Doesn’t Pode well.
It feels like quite the coincidence for Pode and Unravel 2 to release within two weeks of one another, given that both games are couch co-op-based indie puzzle-platformers with a focus on their cutesy characters. And Pode is very cute indeed; with its premise centered around a cute lil’ stone helping a cute lil’ star find its way home, Pode gives Unravel 2 a run for its money in the cute department. There’s even a button you can hold down to make the little star and little rock hold hands together. I mean, come on.
However, Pode can’t stack up to Unravel 2 on its cuteness alone – and sadly, it doesn’t. With humdrum puzzle design and surprisingly dull co-op gameplay, Pode’s charms fail to mask its plentiful blemishes. It’s a game that lands smack-dab in the middle of the road – and in the abundant sea of indie puzzle platformers, middle-of-the-road is the last place you wanna be.
As you might have guessed, Pode is a couch co-op game where one player controls the star and the other plays as the stone. Both characters can use the shoulder button to invoke a radius around them that alter the environment in different ways depending on which character you are. But even then, there is very little variance in the outcome of using either the star or the stone’s radius; the star can shine its aura on plants to make them grow and create platforms, while the stone can use its radius on stones to make them grow and… create platforms. Whichever character’s ability is needed to solve a puzzle often feels arbitrary and interchangeable.
In fact, I took issue with a lot of the puzzle design throughout Pode. More often than not I simply went through the motions of solving the puzzle as soon as I entered a room, as if through muscle memory. Even as new mechanics are introduced, you can’t help but feel like everything Pode has to offer is well-worn, familiar, and more likely to test your patience than your problem-solving or teamwork.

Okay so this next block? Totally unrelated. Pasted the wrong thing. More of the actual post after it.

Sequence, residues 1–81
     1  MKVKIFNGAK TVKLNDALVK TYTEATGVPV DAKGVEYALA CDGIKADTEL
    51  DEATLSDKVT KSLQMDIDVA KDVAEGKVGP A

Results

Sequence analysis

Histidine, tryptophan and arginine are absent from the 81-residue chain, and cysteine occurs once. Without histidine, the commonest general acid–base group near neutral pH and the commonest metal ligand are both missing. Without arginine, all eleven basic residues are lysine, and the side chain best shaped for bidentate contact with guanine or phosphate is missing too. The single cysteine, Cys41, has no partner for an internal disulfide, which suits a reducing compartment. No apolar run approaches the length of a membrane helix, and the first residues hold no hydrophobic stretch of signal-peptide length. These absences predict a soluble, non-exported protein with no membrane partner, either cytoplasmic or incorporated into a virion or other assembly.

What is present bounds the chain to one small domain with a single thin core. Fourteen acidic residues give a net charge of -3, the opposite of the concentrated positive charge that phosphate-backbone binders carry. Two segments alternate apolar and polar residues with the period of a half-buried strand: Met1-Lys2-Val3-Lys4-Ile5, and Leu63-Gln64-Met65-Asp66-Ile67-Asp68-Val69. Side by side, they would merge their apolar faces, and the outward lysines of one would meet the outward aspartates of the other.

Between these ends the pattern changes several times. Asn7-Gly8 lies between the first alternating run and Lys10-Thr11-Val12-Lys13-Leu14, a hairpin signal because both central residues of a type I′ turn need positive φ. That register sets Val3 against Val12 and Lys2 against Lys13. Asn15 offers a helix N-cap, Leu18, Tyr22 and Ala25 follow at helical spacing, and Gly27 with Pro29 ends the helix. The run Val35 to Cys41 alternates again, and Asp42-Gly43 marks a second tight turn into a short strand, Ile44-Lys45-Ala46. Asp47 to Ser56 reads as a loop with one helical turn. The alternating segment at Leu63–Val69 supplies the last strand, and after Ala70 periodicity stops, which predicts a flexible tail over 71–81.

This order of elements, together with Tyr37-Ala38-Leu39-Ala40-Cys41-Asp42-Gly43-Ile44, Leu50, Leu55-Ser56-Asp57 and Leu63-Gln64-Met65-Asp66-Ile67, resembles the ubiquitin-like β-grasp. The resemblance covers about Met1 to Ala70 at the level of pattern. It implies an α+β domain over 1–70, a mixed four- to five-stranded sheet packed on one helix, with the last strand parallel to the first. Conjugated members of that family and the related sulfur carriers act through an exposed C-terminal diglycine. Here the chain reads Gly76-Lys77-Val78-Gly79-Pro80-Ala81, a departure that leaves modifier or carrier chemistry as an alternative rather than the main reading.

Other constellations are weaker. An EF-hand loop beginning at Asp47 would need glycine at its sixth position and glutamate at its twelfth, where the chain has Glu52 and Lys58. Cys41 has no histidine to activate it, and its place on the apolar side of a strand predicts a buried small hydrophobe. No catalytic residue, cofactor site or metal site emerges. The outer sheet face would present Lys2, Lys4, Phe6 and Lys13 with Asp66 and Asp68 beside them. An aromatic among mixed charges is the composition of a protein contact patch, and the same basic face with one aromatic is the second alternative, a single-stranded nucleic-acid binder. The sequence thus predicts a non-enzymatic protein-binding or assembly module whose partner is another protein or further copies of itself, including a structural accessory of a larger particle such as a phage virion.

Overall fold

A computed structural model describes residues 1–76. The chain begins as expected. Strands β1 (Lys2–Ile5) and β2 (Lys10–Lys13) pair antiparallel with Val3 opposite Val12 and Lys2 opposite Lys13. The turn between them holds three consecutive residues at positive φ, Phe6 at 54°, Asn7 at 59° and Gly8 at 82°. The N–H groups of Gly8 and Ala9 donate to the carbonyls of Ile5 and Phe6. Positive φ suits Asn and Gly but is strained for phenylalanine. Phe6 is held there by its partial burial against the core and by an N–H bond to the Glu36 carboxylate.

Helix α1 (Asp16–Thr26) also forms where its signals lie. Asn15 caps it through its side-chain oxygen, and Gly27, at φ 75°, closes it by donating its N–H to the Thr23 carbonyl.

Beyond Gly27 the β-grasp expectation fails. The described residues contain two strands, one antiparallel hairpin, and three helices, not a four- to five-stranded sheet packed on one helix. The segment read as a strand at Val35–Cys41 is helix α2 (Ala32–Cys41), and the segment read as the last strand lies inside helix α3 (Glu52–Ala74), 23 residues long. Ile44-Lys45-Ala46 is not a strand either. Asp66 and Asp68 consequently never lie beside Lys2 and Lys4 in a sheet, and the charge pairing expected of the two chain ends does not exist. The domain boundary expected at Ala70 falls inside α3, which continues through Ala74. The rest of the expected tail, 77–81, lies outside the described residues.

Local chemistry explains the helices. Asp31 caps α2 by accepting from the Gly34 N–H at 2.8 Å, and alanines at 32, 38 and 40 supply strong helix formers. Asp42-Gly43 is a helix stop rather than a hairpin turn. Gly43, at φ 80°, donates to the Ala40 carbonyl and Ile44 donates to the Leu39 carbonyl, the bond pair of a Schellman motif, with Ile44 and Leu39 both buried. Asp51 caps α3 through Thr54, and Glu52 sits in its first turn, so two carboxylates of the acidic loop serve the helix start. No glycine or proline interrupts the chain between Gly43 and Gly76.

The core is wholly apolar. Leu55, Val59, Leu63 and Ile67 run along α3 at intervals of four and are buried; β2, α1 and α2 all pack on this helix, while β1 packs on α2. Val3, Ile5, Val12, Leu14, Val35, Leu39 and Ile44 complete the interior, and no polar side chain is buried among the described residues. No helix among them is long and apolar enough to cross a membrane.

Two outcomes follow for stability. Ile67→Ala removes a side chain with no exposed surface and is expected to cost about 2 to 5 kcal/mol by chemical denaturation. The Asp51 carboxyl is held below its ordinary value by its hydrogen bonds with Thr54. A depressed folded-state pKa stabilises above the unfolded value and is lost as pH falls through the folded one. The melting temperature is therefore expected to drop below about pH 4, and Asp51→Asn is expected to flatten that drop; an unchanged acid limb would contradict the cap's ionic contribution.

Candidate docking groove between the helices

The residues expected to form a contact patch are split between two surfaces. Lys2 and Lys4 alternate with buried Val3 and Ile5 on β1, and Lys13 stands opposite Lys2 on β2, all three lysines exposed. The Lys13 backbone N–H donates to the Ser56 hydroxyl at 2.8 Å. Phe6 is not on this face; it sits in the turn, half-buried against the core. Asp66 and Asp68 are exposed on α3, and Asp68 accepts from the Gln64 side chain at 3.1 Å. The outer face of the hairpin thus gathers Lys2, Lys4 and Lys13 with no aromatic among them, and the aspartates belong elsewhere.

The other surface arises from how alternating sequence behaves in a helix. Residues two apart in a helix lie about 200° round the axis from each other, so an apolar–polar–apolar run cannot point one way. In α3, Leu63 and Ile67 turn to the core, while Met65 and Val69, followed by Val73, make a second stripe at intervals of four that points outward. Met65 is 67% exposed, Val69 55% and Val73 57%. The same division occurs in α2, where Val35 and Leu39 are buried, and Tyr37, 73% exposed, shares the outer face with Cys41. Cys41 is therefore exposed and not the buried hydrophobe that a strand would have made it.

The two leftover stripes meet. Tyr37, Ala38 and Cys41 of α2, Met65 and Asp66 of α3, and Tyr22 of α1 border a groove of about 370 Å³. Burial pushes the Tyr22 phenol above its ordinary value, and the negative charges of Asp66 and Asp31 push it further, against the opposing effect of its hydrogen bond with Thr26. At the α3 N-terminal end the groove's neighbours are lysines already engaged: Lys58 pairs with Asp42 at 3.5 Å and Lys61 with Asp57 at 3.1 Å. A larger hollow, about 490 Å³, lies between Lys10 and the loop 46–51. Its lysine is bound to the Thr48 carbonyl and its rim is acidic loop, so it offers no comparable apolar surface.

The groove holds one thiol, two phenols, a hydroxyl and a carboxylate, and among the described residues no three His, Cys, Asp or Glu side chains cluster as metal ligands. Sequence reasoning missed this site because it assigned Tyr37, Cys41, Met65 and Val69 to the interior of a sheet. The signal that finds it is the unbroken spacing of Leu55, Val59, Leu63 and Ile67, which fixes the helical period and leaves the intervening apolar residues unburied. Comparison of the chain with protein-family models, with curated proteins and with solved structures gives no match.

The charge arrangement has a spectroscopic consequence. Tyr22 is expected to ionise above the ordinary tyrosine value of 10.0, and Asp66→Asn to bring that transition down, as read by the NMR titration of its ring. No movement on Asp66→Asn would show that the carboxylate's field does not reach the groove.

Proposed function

Even Pode’s visuals can start to grate after a while. I played through a good chunk of Pode in co-op; I was joined by my brother, who, not much of a gamer, tries his darnedest anyway. In the beginning, he enjoyed the presentation of the game and compared it to the work of Pixar – but it wasn’t long before he was bemoaning that each new level looked exactly the same as the one before it. For all of Pode’s colourful visual flourishes, much of it still takes place in dark, dank caves with little variance from world-to-world. Not only this, but for much of the game there is very little story to distract you in-between, so levels start feeling monotonous rather quickly.
It was in one of these very caves that I was using my stone powers to rotate ring segments of a circular puzzle – it’s the exact kind of puzzle you’d expect from a game of Pode’s ilk. While I solved the puzzle, my brother, playing as the star, stood idly by. Unable to interact with anything in the room, all he could do was wait patiently for me to complete it. “This puzzle would literally be more fun in single player,” my brother told me, “Because that way one person isn’t just standing around, doing nothing.”
He was completely right. In single-player you have to switch between stone and star and can only move one character at a time. As imperfect a solution as this is, it beats the alternative of one player having to wait for the other player to solve the puzzle. While there are many puzzles that require teamwork, it’s rarely complex and more often requires busywork from one player while the other watches and waits in a particular position, bored and impatient. It’s not a good look for the co-op part of a predominantly co-op game to be so dull.
Pode is not a bad game, by any means. It’s just very, very average, and that’s likely the most damning thing you could say about it. There’s a whole lot of stiff competition in the puzzle-platformer genre, each one vying for attention in a marketplace already flooded with games. Compared to them, it doesn’t feel like Pode cuts the mustard.
Jace is a lover of games experimental and strange. He is always chasing after wholly new experiences.